The rosters were announced Thursday for the second game featuring players born in Africa and second-generation African players against a team from the rest of the world. It will be played Aug. 5 in Johannesburg.
That’s the correct call to me. The game was chippy, the referees looked like those teachers you had in high school who couldn’t control the classroom despite handing out detention slips like candy, but nothing rose to the level of deserving a fine or suspension. Nobody crossed that line.
But when these teams meet next, you can bet on one tightly called game.
Rockets players tried to confront Mavericks outside locker room
Tuesday night’s game between the Houston Rockets and Dallas Mavericks took their rivalry to a different place. While the Rockets beat the Mavericks, 123-107, the story of the night was the eight technical fouls, two flagrant fouls, and the ejection that sent Trevor Ariza to the locker room.
The game was tensed with conflict, including Patrick Beverley sarcastically chiding Dallas coach Rick Carlisle after the final horn, “Don’t be mad at us coach! Way to be an icon coach! Have a nice season coach!”
After the game, Harden was notably upset with the Mavericks.
“I don’t know what they were on tonight,” Harden said. “That other team was tripping tonight. They were disrespectful, were unprofessional players and coaches. I don’t know what was their problem, but I think that got us going. They wanted to throw a little cheap shot and just woke us up a little bit, and it was over from there.”
Unfortunately, these two teams don’t meet again this season. Houston won all four prior contests between the two this year.
Three things we learned on Tuesday: I, for one, welcome our new Russell Westbrook overlord
1) Russell Westbrook continues to dominate, be NBA’s best player this season, and he reminded us by shredding Miami. On paper, this was the kind of game the Thunder should win — they are a better team than the Heat, particularly defensively, and without Goran Dragic (back issues) Miami’s offense is lifeless. Plus, Steven Adams gives Hassan Whiteside trouble. And all of that did happen. The Thunder started to pull away with a 13-1 run late in the first quarter, led by 22 in the second, and cruised to a 106-94 win.
But the real difference in this game was Russell Westbrook. He was the best player on the court — just like he’s been the most dominant player in the NBA all season long. He controlled the entire game — not just with his scoring (29 points) but the way he carved up the Miami defense and left it in shreds on the floor. He penetrated, passed, and his relentless energy and attacks left the heat in tatters. Westbrook accounted for more than half of the Thunder’s points, via scoring or assist. He got his triple-double (17 rebounds, 11 assists, that makes 15 triple-doubles this season) and did so in just more than 23 minutes of court time (which is insane), but the numbers barely tell the story of how well he is playing.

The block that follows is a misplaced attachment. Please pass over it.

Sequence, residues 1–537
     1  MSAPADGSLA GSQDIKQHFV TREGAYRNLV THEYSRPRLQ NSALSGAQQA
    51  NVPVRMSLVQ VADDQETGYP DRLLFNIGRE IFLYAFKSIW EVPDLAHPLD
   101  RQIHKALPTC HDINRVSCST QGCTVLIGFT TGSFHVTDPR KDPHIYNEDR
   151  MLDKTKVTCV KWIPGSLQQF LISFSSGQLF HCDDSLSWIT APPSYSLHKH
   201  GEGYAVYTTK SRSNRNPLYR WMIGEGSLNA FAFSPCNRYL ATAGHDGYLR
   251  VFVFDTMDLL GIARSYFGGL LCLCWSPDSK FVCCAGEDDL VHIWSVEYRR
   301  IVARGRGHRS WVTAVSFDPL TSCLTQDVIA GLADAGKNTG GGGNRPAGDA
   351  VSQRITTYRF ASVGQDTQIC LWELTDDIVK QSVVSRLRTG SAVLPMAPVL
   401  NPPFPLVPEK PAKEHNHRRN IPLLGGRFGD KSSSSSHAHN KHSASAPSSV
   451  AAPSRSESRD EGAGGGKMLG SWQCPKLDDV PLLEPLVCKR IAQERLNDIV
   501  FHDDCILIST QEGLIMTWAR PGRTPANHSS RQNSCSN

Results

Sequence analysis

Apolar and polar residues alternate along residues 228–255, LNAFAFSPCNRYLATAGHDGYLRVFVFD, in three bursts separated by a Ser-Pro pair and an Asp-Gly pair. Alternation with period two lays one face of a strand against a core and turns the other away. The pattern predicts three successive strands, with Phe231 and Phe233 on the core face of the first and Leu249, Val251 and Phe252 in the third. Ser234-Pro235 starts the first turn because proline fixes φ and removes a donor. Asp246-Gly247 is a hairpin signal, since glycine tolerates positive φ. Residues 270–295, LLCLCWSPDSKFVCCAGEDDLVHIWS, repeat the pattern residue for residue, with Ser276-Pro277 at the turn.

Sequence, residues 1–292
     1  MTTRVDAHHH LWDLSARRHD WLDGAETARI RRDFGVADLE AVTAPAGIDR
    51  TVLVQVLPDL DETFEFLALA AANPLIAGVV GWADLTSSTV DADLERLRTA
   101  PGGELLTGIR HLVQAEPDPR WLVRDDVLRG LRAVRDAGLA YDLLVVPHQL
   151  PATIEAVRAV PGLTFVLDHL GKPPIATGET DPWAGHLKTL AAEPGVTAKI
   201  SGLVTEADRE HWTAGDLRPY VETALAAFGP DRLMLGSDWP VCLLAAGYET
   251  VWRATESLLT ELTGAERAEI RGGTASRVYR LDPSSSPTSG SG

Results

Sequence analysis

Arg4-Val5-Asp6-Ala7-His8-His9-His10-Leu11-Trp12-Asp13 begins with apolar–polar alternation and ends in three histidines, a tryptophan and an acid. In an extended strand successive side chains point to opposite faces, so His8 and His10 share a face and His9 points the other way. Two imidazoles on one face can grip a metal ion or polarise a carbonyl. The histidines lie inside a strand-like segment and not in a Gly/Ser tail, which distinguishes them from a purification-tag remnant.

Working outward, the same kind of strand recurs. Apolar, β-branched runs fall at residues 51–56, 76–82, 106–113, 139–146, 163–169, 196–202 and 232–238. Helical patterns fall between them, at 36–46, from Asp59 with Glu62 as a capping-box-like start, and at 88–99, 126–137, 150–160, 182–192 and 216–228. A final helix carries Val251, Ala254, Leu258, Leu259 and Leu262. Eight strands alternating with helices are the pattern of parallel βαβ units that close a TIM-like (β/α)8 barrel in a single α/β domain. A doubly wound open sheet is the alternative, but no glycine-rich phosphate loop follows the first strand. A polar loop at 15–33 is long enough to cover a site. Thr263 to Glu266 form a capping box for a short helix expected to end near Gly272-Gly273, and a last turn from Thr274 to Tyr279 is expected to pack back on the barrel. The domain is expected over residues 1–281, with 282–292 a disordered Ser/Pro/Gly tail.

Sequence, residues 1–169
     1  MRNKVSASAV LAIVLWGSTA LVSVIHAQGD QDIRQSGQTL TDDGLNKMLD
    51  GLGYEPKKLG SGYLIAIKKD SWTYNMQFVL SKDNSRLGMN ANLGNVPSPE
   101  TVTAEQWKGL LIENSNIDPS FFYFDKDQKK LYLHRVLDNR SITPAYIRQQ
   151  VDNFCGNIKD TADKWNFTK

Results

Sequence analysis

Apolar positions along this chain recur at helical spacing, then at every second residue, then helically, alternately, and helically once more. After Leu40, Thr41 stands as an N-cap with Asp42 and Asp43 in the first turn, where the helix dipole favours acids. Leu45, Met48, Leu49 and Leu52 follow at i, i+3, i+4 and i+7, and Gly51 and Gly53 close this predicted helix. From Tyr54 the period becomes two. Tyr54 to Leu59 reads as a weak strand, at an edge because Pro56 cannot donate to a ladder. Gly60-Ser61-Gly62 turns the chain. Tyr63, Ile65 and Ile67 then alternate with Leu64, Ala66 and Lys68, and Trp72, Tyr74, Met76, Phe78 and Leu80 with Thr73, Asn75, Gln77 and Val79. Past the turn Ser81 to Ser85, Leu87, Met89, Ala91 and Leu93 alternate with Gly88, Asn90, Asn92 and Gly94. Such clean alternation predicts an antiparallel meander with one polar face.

Westbrook also got some help from a Thunder bench that has been improved of late. Plus, Adams was getting to the rim when he wanted, then hurting them.
2) Eight technicals, one ejection, and guys looking for fights postgame — Rockets/Mavericks had some bad blood. This is how tense things got: Trevor Ariza left the Rockets’ locker room and stood outside the Dallas locker room after the game, waiting for to have words — or more — with Dallas center Salah Mejri. Patrick Beverley and James Harden.joined him, and Dallas police were there as well to keep the peace. Ariza believed Mejri said something way out-of-bounds about him and his family (Ariza picked up two technicals and was thrown out when it happened), something Mejri denied according to ESPN. Security kept Mejri in the locker room, Wesley Matthews and Deron Williams talked down the angry Rockets, and eventually, Houston’s players boarded the bus and left without incident.
But that’s what spilled off the court from a physical, nasty game on the court that saw eight technical fouls and a couple of flagrant fouls. The big one happened midway through the second quarter, when Andrew Bogut set a down screen to free up Harrison Barnes, James Harden ran into that screen and went hard to the ground. It looked like Bogut wasn’t set, but slid and leaned into Harden on the play, and the officials called him on it.
The Rockets thought the Mavericks were playing dirty all game.
What we experienced today as a team. Was the upmost disrespect. And total disrespect to Us and the GAME OF BASKETBALL…Still got the W tho
As Beverley noted, in the end, the Rockets made 17 threes and cruised to a 123-107 win behind 34 points and 11 assists from James Harden. Bogut and Dirk Nowitzki were on minute limits and did not play in the second half.
3) Joe Ingles drained a game-winning three for the Jazz, and the Lakers’ D’Angelo Russell couldn’t answer. Joe Ingles is shooting 47.8 percent from three this season — the Lakers’ scouting report was no doubt clear that he was not to be left alone at the arc, under any circumstances. Especially with the game on the line. That’s when Utah’s Quin Snyder borrowed from Steve Kerr (as noted by Nate Duncan on Twitter), running a standard Warriors play where the pick-and-roll out top is almost the distraction while a dangerous three-point shooter sets a down screen, then flares to the corner off another screen (Joe Johnson set it) and usually finds space. Ingles found that space and knocked down the game-winner.
The Lakers tried to answer — Julius Randle got to the line attacking right at Rudy Gobert (Randle did that impressively a couple of times late in the game), but in the end when they needed it D'Angelo Russell threw up an airball. This was one of those learning experience games for the Lakers, and the kind of game good teams like the Jazz find a way to win.
It’s worth watching the final three minutes of this game, it was the most dramatic of the night.